Pregnancy is a particularly delicate time for a woman. Her body is changing, hormones are fluctuating, and many fears about her baby’s well-being are swirling.
When I was pregnant last year, I found myself on the receiving end of comments that invalidated my experience, attempted to predict something unpredictable about my pregnancy or birth experience, and infringed upon my autonomy to write my own pregnancy and motherhood story.
While not mal-intentioned, these comments were frustrating, anxiety-producing, and entirely unnecessary. A pregnant woman’s mind is already overrun with present and future worries. Instead of fear-based comments, what she really needs is encouragement and hopeful remarks during an extremely tender time.
While we’re all human and don’t always say the “right” thing, here are 7 comments to avoid saying to your pregnant friend.
Your baby will be born late.
While some data suggests that first babies will be born late, there’s also a higher-than-average chance that a first baby will be born early. And when you really look at the data, many factors, including the accuracy of the predicted due date, confound these averages and muddy the waters about the likelihood of when a first baby will be born.
Even still, let’s say that the data did conclusively show that first babies will be late, this comment isn’t helpful to a pregnant woman. While one can argue that the comment is intended to mentally prepare a mother for this possibility, insisting that a woman’s baby will be born late, or even merely suggesting it, is psychologically harmful.
If you’ve ever been pregnant, you can likely relate to the discomfort of nearing full-term of your pregnancy. Between the aches and pains, frequent bathroom visits, decreased range of motion and mobility, and uncomfortable, disrupted sleep, women unanimously agree that by the end of their pregnancy, they are just ready for it to be over.
So to hear, “Your baby will be late,” is frustrating and disheartening. Aside from the fact that babies come when they want and no one, not even one’s own OB, can predict with 100% certainty when a baby will arrive, the focus on the timing is unnecessary.
As it turned out, my son was born “on time” at 39 weeks, which was actually more unlikely than early or late. Go figure!
What to say to a pregnant woman instead: “How can I support you during your final weeks of pregnancy? I know the waiting game can be so tough!”
The first couple weeks of motherhood are hell.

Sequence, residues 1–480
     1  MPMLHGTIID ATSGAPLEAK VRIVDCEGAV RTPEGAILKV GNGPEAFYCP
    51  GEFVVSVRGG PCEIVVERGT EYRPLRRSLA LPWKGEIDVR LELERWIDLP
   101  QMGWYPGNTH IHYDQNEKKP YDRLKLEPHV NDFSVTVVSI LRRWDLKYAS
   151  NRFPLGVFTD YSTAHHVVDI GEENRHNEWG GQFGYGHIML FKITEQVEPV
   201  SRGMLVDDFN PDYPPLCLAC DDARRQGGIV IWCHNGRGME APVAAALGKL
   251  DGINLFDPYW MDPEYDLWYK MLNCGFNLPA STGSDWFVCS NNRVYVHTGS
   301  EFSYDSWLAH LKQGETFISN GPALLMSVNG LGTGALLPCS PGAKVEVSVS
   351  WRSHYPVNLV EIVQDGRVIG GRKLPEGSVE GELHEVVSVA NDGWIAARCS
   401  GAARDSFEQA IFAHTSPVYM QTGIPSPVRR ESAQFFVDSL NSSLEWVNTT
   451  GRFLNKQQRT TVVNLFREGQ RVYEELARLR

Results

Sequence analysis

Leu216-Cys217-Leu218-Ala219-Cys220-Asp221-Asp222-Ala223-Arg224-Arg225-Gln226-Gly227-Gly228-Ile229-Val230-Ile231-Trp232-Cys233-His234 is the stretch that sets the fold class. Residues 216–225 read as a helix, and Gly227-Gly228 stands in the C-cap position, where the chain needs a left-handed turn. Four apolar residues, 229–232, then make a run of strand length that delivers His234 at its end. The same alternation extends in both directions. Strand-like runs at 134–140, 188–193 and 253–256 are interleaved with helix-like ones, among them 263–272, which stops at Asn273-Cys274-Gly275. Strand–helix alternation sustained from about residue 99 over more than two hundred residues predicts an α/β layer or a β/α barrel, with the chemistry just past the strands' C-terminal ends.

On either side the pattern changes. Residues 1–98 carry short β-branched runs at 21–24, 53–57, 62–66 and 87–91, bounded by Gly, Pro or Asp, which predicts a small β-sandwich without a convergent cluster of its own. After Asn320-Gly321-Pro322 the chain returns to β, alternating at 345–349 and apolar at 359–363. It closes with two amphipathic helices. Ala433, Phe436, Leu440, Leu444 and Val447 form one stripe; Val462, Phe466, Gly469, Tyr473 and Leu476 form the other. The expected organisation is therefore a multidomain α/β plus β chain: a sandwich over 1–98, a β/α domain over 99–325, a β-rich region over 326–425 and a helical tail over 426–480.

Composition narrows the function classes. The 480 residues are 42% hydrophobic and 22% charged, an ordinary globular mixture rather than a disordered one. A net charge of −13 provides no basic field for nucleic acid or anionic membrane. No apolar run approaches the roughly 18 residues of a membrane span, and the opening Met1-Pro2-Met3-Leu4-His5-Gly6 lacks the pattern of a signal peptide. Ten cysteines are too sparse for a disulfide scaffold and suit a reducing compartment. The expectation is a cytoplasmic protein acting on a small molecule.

I received this nugget of “advice” just a couple of months before giving birth to my son, from a friend of a friend, no less.
Given that I was over-the-moon excited to meet my son, the suggestion that I should anticipate that the initial moments and days after his arrival would be “hell” felt like a slap across the face.
It goes without saying that birthing a child is taxing, at best, and traumatic, at worst. Then figuring out nursing, sleepless nights, and much more…it’s a lot! So I get where the comment is coming from.
However, the power of mindset is huge. Does anyone actually want to anticipate the arrival of their child with the outlook that they’ll find themselves in hell once their darling newborn is placed in their arms? I’d love to meet the person who says yes.
Sometimes when we are in the thick of a difficult time it’s hard to see the upside or the light at the end of the tunnel. But it’s so important for all of us to be mindful of how our comments might land and how projecting our own “stuff” onto someone else might be the farthest thing from helpful for them.
What you can say instead: “Those initial days can feel blurry and exhausting. Would it be okay for me to stop by with a meal or even to help around the house so you can sleep?”
Enjoy every moment; it goes by so fast.
Wow, that’s a lot of pressure. Not one of us can enjoy every moment of our lives even without children, but somehow we expect motherhood to be different?
Much of motherhood isn’t glamorous. On the contrary, it can be boring, draining, and monotonous. So when you’re told to “enjoy every minute,” it invalidates the reality that difficult moments are inherent to motherhood.